Amnesty slams Greece over treatment of migrants in rights report
Amnesty International has given Greece a scathing review in regards to its human rights record in 2017, and particularly over the country’s treatment of asylum-seekers and migrants.
Published on Thursday, “The State of the World’s Human Rights” report accuses Greece of failing to improve living conditions for thousands of migrants awaiting processing in camps across the country, but also for “paving the way for forcible returns of Syrian asylum-seekers under the EU-Turkey migration deal by endorsing decisions by the Greek asylum authorities that deemed Turkey safe for two Syrian nationals.”
Amnesty says that while arrivals to the Greek islands contracted significantly at the start of last year, a fresh surge over the summer pushed island camps above “insufficient reception capacity” once more, so that by December 2017, “around 13,000 asylum-seekers remained in limbo, stranded on the islands.”
Abuses and pushbacks, meanwhile, continued at the EU external borders, from Bulgaria, Greece, Spain and Poland, Amnesty International added.
Excessive use of force by law enforcement is another issue that Amnesty looks at in its report and in this regard, too, Greece did not fare well in 2017, as the group found that “the majority of victims of the reported incidents were refugees and migrants trapped on the Aegean islands.”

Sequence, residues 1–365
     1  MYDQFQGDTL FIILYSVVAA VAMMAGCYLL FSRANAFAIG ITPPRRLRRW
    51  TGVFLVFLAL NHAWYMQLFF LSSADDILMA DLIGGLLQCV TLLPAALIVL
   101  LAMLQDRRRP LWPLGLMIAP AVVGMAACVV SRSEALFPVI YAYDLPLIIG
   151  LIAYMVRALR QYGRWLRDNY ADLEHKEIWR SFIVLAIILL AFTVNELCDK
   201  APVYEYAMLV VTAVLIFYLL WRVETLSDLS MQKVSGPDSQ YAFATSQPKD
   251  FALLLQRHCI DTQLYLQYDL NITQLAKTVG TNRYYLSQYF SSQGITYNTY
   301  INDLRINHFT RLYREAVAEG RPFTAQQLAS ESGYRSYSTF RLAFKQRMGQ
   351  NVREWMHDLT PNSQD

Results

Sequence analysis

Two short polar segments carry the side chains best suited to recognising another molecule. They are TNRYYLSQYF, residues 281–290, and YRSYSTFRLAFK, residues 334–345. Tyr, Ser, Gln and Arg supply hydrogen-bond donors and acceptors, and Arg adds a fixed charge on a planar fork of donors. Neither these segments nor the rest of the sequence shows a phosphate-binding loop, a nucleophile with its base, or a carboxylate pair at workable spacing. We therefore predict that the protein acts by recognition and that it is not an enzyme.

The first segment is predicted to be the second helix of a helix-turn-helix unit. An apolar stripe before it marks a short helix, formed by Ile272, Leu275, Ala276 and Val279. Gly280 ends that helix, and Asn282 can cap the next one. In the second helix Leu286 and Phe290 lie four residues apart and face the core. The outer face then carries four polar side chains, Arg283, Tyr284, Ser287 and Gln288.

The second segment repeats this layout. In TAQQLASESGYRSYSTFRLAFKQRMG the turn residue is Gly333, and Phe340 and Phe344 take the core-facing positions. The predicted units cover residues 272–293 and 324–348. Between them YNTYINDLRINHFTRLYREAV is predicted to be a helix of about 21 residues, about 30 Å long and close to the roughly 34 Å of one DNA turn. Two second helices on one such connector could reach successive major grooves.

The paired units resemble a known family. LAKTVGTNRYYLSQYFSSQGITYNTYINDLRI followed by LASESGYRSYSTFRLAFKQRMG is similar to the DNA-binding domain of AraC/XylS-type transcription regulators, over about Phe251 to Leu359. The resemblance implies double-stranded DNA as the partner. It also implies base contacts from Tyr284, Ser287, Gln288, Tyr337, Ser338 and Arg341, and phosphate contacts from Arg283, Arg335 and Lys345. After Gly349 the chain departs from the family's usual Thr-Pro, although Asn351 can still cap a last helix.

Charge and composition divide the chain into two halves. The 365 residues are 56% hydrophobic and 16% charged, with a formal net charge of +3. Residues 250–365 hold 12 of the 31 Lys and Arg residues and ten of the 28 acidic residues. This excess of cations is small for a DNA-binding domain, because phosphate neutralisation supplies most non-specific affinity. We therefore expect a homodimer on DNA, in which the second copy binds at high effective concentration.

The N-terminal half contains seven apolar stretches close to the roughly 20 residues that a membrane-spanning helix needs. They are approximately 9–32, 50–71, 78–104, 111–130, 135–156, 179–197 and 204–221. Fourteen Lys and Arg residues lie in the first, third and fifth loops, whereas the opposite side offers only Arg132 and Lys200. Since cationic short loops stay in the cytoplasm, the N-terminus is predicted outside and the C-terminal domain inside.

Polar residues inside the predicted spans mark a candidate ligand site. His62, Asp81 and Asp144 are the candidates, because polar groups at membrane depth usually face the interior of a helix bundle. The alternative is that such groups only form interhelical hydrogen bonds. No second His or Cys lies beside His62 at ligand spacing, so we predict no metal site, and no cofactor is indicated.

The report was especially critical of the March 2016 agreement between Ankara and the European Union, saying that in 2017, “European leaders maintained the fiction that Turkey provided protection equivalent to that of the EU, even though Turkey had become even more unsafe for refugees since the 2016 coup attempt. The removal of procedural safeguards under Turkey’s state of emergency put refugees there at heightened risk of refoulement, the forcible return to countries where they were at risk of facing serious human rights violations.”
“Throughout 2017,” the report says, “the deal left thousands exposed to overcrowded, squalid and unsafe conditions on Greek islands that were transformed into de facto holding pens and condemned them to extended asylum procedures. Some suffered violent hate crimes.”
The organization was also critical of other European Union member-states for failing to live up to commitments to ease pressure on frontline countries like Greece.
“As of November, European states had fulfilled just 32 percent of their legal commitment. At the end of 2017, 21,703 asylum-seekers out of 66,400 had been relocated from Greece, and 11,464 out of around 35,000 from Italy. Among the worst offenders were Poland and Hungary, both having refused to accept a single asylum-seeker from Italy and Greece by the year’s end,” the report says.